When Kirk Longhofer came on board as director of technical Ministries for First United Methodist Church of Wichita, Kan. (www.1stumc-wichita.org), he was given a seemingly simple directive: Find what’s wrong with the sound system and fix it.
The church’s diverse audio needs included not only live sound, but recording, tape duplication, and radio and live television broadcasts. The audio staff, comprising mostly volunteers, began to encounter persistent technical difficulties with the church’s 40-year-old sound system, which were compounded by the venue’s round sanctuary with a domed ceiling.
The facility, completed in 1962, features a unique circular design and a number of round rooms. The main sanctuary houses a Shantz 85-rank/four-manual pipe organ with a 32-foot Contra Bombarde—one of the largest in the Midwest. And, while weekly worship music leans toward the traditional with organ and chancel choir, it’s not uncommon for First UMC to offer blended services with jazz, Southern Gospel quartets, liturgical dance and concerts by top contemporary Christian artists.
“Architecturally and acoustically, we have the two most difficult situations,” explains Longhofer. “The original system split the sources by 65 feet and had a lot of low-quality components—basically what had been piece-mealed together as budgets became available. The speakers were shot and the older analog mixing consoles, which required manual repatching, were showing intermittent failures and other signs of old age. So for 40 years, everyone struggled with sub-par audio in the room.”
In May 2003, the technical staff began to investigate options and hired Acoustic Dimensions (Dallas) for assistance in upgrading its acoustics and providing a new system design. “This is one of those rooms where you need to retain that ‘live’ feel, yet have articulation in a sound system,” Longhofer adds.
First UMC worked with Wichita, Kansas-based A/V contractor McClelland Sound in replacing existing consoles, patchbays, mic splitters, outboard processing gear, speakers and cabling. A total of 65 inputs from the main platform are routed to a 48-channel transformer split that feeds a Yamaha DM2000 digital mixing console at front of house, a distributed hallway system and a production room with 24-track digital recording capability and a second DM2000, dedicated to mixing audio for video. The monaural P.A. system includes a center cluster comprising six EAW KF730 line array cabinets driven by Crown CTS Series amplifiers and Biamp Audia system processors.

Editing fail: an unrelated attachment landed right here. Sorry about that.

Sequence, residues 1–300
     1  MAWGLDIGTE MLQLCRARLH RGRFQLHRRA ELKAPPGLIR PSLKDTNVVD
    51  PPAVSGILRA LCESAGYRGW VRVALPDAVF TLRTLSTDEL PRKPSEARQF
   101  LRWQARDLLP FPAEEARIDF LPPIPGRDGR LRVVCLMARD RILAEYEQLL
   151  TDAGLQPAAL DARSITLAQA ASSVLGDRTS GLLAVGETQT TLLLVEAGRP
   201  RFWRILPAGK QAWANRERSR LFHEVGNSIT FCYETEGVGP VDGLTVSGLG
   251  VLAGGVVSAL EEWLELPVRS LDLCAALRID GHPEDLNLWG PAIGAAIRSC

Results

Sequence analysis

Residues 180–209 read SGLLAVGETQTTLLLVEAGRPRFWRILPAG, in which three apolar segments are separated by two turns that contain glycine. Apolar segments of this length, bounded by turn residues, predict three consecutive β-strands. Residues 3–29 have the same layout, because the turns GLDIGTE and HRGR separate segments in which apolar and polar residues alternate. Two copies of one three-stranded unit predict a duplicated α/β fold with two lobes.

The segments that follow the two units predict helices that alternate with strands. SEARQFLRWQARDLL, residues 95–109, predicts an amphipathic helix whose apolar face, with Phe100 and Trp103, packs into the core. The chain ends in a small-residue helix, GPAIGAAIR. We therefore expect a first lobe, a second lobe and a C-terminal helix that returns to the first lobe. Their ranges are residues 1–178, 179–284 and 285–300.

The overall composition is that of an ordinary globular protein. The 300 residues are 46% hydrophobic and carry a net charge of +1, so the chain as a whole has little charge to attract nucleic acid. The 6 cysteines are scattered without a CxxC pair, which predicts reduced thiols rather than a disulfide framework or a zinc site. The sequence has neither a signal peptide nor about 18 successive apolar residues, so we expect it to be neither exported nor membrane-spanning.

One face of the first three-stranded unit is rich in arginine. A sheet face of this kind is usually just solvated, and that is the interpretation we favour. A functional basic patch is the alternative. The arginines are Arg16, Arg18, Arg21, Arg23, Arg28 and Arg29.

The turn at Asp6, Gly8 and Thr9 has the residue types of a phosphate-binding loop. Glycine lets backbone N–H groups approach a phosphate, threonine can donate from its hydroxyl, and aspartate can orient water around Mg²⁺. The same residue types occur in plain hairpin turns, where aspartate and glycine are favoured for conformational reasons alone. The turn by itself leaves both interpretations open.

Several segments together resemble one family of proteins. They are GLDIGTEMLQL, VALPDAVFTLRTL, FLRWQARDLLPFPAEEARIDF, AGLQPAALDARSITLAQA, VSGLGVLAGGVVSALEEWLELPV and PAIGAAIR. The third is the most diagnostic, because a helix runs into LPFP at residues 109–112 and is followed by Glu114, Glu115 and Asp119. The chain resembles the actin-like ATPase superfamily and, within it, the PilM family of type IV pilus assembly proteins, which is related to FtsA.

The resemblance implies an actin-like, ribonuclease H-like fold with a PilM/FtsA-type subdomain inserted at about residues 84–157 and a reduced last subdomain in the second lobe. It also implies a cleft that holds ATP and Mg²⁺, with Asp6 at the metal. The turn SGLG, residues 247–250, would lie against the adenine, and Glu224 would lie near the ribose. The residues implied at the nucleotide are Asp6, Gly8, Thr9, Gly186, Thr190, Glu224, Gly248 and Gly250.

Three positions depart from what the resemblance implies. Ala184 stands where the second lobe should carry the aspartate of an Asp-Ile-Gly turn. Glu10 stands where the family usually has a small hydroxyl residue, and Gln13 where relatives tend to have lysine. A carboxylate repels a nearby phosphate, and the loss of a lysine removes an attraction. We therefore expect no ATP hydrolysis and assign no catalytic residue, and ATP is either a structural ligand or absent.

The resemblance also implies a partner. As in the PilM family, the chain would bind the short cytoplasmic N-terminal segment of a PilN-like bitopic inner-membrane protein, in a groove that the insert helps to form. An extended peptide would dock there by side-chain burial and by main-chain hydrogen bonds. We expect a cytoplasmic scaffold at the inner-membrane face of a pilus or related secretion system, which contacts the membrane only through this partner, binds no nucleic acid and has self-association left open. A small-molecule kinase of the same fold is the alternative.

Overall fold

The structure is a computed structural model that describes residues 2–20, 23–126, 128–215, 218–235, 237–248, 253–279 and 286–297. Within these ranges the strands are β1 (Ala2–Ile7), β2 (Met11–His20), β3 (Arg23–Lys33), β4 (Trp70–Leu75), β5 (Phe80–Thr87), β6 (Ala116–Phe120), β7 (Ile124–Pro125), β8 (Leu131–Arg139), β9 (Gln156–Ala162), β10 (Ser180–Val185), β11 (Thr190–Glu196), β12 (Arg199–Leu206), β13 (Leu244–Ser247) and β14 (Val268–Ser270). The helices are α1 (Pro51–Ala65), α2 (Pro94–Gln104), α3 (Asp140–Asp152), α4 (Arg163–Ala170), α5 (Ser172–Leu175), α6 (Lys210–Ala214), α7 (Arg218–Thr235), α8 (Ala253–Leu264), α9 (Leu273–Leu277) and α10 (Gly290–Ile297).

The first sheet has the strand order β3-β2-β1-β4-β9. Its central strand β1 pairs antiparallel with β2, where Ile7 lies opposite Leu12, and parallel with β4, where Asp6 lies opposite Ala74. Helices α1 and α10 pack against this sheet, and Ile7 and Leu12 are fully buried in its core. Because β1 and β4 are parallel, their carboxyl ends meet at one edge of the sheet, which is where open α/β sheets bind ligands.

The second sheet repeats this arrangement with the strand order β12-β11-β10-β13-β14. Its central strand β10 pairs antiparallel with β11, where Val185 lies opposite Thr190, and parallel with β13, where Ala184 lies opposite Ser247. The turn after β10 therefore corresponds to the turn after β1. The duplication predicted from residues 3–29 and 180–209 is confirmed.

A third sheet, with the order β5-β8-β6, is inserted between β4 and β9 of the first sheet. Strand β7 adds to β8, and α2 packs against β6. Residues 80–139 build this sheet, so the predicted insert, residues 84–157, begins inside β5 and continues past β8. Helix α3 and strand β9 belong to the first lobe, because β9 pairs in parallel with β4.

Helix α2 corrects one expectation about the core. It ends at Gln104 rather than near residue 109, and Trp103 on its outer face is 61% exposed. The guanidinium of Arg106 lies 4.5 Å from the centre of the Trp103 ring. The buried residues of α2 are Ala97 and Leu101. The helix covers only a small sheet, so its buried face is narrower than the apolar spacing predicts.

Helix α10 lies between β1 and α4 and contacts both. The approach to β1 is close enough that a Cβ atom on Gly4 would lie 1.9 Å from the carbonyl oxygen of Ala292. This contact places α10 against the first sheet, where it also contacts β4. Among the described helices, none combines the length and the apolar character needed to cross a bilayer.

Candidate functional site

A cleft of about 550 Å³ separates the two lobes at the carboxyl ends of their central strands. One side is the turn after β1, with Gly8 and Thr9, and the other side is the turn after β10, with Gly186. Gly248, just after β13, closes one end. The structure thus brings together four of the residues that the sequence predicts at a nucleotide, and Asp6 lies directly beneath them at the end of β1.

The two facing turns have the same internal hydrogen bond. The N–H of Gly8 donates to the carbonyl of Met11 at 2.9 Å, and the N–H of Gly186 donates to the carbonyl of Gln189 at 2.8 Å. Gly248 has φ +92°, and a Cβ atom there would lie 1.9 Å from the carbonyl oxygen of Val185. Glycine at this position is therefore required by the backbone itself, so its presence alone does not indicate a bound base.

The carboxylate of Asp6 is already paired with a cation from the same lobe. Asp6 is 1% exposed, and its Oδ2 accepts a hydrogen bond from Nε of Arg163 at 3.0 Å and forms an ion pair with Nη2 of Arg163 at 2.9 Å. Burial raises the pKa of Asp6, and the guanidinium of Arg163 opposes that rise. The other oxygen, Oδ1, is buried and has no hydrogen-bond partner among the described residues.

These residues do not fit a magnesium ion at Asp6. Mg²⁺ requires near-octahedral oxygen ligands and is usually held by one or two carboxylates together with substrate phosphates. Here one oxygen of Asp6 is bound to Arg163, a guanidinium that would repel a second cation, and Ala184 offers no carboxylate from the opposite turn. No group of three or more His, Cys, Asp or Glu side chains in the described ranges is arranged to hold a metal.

Although the decision to install a monaural rather than an L-C-R system was a budgetary issue, the console choice was based on the consultant and technical staff’s recommendation to move the front-of-house area from the balcony to the main floor.
“I didn’t want anything less than a 40-input board,” explains Longhofer, “but with all the aux sends, outboard equipment, et cetera, that’s going to take up a lot of real estate. That began the discussion on digital consoles. I wasn’t totally convinced that it was necessary or practical for a church, especially where we depend on volunteers to do most of our mixing.
“Once I got my hands on the DM2000, my concerns about being able to teach volunteers to use it effectively went away,” Longhofer adds. “I think the training process for a new person is actually easier on a digital board than its analog equivalent. With digital, it’s a lot easier to get focused on the mix and then worry about EQ, compression and gain structure. Having a visual cue also helps people understand what it is that they’re doing: When adjusting a channel EQ, the frequency response graph on the screen shows you the actual response of the curve. When you select a frequency, you can see it sweep across the screen. So far, both the staff and the volunteers have accepted it quickly, including the folks that had some audio background and some newbies. We have one young man, for example, who mixed a service the first Sunday was the weekend after the system was installed.”
Future upgrades include new recording gear and, according to Longhofer, the possibility of digital enhancement systems for the organ to actually increase perceived reverberation time in the room. “With the line array, the articulation in the room increased dramatically,” he explains. “We managed to keep almost all the energy off the walls, so we’re able to run much higher SPL levels and not really have any problems with echo or problematic reverberance.”
For more information on the Yamaha gear, please go to www.yamaha.com/proaudio.